The Cruzbike is a great way to put the fun back in two-wheels!
There is nothing like riding with a smooth, quiet drivetrain. Over time, it is easy to take the health of your drivetrain for granted and overlook the noises that you start to hear when riding. Here are the top three chain issues we see at the shop:
Problem One - Not Cleaning Your Chain
Maintaining your chain is one of the easiest things you can do yourself and is the best way to avoid future repair bills. All you need to clean your chain is a rag and a spray bottle with water and a little bit of Dawn dishwashing liquid. Just spray the lightly soapy water on the chain and wipe it off. Even if you just wipe your chain once a week with a dry rag you will be way ahead of most people.
Dirty chains pick up dirt and sand that wear on your components with every pedal stroke. Left unchecked, this means that both your chain and cassette will wear out faster than they should.
Problem Two - Ignoring Chain Wear
Speaking of wear, your chain should be replaced every 2,000 - 2,500 miles depending on how well you maintain your chain. As the miles add up, the links in the chain deteriorate increasing the distance between links causing poor shifting and noise.
I know what you are thinking, “sure checking that would be easy if I had a fancy chain-checking tool like you have at the shop”. The fact is, you can do a pretty good check with a ruler. Just line up the end of the ruler on a chain pin and count 23 more pins. The 12” line should line up with a pin. If it doesn’t you probably need a chain.
Problem Three - Not Drying Off After a Wet Ride
We have all been there, you cut your ride short because a sudden storm has left you drenched and miserable. You race inside to take a shower and get some dry clothes leaving your bike wet in the garage or worse, out in the elements to fend for itself. Water is the enemy of your drivetrain. Water causes the lube to come out of the links leaving corrosion in its wake.
A quick wipe down with a rag does wonders for keeping your chain healthy and it only takes a few seconds.
Bonus - Don’t Kill Your Chain With Kindness!
As bad as the three main problems are, Over lubricating can be just as bad. Too much lube picks up dirt and grit and immediately goes to work destroying your cassette. I have seen chains with so much lube they look like they were pulled from the La Brea Tar Pits! More lube is not the answer. If you need to know how to clean your chain the right way, stop by the shop for a free lesson! I am happy to show you where and how to lube your chain.
Are regular bikes faster than recumbents? I test them both. The results may surprise you!
Finding the right trike can be fun...
To find the perfect trike, you need to understand what you want to accomplish with the trike and what sort of riding you are most comfortable doing. If you are riding on the beach you need a different setup than if you want to ride paved trails. Here are some basics to consider when buying a recumbent.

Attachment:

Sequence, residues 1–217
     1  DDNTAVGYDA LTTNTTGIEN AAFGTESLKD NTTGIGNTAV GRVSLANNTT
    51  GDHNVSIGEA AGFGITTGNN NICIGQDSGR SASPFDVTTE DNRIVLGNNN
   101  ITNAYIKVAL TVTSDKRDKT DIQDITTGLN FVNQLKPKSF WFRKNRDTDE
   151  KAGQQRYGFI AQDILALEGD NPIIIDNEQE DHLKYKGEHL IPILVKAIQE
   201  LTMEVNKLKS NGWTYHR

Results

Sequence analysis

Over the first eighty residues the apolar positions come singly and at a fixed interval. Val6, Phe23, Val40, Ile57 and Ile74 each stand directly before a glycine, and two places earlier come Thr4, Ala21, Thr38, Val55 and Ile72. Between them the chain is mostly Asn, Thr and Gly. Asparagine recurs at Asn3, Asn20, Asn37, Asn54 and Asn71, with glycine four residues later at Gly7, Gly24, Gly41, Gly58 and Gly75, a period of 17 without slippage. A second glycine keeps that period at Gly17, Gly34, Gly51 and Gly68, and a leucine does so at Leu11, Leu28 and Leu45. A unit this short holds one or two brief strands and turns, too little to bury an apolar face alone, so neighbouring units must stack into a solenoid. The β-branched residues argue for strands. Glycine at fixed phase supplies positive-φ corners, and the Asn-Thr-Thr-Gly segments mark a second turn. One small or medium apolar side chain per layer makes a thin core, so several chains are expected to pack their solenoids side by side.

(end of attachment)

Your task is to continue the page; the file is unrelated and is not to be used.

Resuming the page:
Two or three?
Two-wheel recumbents are great for some, but not for others. Two-wheel recumbents require much of the same bike handling skills and balance of a traditional bike and are a good option for riders who like traditional bikes but want a more comfortable riding style.
Three-wheeled recumbents are comfortable and easy to ride. Just sit and pedal! The public is seeing more and more three wheelers and are discovering how much fun can be. These recumbents sit lower and handle like a sports car. Plus, riding a recumbent means you keep your head up and seeing what's around you instead of just looking at the next two feet.
To Fold or not to Fold?
Folding bikes can be stored or transported in a smaller space, but they generally cost more than similarly equipped non-folding models. You should carefully weigh the benefits of folding and decided how frequently you need to do it to see if it is worthwhile.
Should you get a larger rear wheel or have all the wheels the same? There is some debate about wheel size and how it impacts speed and acceleration, but it really comes down to gear selection. If a 20" bike and a 26" bike are in the exact same gear, the smaller wheel will accelerate faster, but the 26" will maintain a higher speed easier. Change the gear ratios, and the story changes. That's why some manufacturers (I am looking at you Greenspeed) don't offer a 26" rear wheel. They make up for smaller wheels with a wide gear ratio.
No bike or trike is worth it if you are uncomfortable. Some brands and models will fit your body better than others. This is where you can't just look at what other people say about the trike and try it for yourself. Once you find a style that fits your body, you can customize your fit with things like a headrest.
Of course feeling every crack in the pavement may not be your idea of a good time, so you might consider trying trikes with a suspension system. Suspensions tend to give a smoother, more comfortable ride and will increase the overall cornering of the trike. Suspension costs and weighs more than a bike without, so you need to try both suspended and non-suspended trikes to see which is the best fit for your riding style.